Mughal Garden Wah is an elaborate garden located near the city of Wah, Punjab, Pakistan. The gardens are in the old village of Wah, close to the present garrison town of Wah, located 50 km north west of Islamabad It is between Wah Cantt and Hasan Abdal on the main Grand Trunk Road. Wah Gardens is located 12 km west of Taxila on the G.T. Road .The gardens are in the old village of Wah, close to the present garrison town of Wah.
The word "Wah Garden" means "What a Garden". Wah is an Urdu sign of exclamation. In history of this area word Wah is used by the Mughal Emperor Akbar, when he first saw the clear, rushing water and greenery of the location, he said "Wah" and after that the place is termed as Wah Garden. It is also called as Mughal Garden.
The whole area is famous for its spring, shrines and greenery. Its history traces back to Mughal Emperors and the remains of them still visible in the area. There are many archeological sites in the area, which reminds us the glorious Mughal era. These gardens were initially used as a transit camp by Mughal emperors, but owing to the natural beauty, the area was developed and cultivated. The gardens were developed with magnificent trees and water channels by successive Mughal emperors.
Mughal emperors loved beautiful scenery, valleys and natural water falls. This natural attachment created an idea in their minds to establish gardens. Mughal Garden of Wah is the beautiful examples of their great love with nature.
There are beautiful twelve door structures, canals and waterfalls. There are bathrooms having mixture of cold and hot water at the southern place of these twelve-door structures. The inner portion of the twelve-door structures has been plastered with some material. The walls of small rooms have been decorated with flowers and petals.
Fed by clear, cool springs from the nearby mountains, the water collects in a large square tank on its upper terrace. The water originally flowed through a "Bara-Dari", meaning a pavilion with twelve (bara) doors (dari), and two flanking pavilions, one of which had elaborate bath chambers (hammam), over an inclined cascade that was decorated in a typically Mogul black-and-yellow marble chevron pattern. The water continued along a cypress-lined garden axis, through a central water tank and platform, and ultimately through the main entrance gate of the garden. The interior walls of the bara-dari were originally embellished with stucco traceries depicting fruits, vases, foliage and trees, of which remains can still be seen. Seven watchtowers were discovered along the perimeter wall, and a hammam, or bath, is attached to the southern wing of the bara-dari.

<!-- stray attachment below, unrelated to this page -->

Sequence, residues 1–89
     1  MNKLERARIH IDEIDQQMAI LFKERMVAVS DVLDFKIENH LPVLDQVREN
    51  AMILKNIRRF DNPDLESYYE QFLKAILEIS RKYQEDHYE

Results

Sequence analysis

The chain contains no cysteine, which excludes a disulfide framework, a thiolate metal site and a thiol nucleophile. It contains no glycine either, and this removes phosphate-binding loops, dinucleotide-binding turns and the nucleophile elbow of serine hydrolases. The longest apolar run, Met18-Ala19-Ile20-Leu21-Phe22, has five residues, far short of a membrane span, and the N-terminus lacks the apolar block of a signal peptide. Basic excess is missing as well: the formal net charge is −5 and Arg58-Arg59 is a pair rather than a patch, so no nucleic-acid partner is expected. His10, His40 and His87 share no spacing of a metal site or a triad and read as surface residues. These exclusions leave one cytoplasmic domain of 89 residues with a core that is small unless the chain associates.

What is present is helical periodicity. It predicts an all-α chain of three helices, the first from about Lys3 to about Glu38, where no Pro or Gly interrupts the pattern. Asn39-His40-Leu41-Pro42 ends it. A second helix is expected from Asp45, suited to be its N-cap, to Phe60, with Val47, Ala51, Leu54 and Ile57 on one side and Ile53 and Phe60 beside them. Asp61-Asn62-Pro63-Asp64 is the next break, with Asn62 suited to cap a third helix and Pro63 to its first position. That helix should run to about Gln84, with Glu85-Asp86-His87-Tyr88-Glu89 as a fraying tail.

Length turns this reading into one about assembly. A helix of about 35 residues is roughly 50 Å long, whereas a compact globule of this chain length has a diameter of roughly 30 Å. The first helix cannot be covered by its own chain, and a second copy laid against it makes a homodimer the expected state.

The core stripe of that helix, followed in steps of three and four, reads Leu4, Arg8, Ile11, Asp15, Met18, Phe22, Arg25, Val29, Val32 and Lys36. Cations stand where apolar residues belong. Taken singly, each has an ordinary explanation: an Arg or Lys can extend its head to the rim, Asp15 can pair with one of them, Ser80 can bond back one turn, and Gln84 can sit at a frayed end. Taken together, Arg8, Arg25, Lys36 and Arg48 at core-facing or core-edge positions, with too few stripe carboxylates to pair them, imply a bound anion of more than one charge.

The gardens have two terraces, the upper and the lower one. It is famous for its beautiful ponds, reflecting pools, water channels, cascades and fountains built during the reign of Shah Jahan. A large water tank to the eastern end supplies its three water channels that run parallel to the length of the garden. Fifteen fountains flow from the central water channel.
The lower terrace has tapering cypress trees, the canals through which once cool water flowed between elegant romantic pavilions and cascading into large reflecting basins.
In old era this garden were declared to be as a trustee of heaven and substitute for heaven's garden on earth. One can easily visit Wah Gardens, when traveling to Taxila, Peshawar or Abottabad, and enjoy the beauty of the area and the gardens.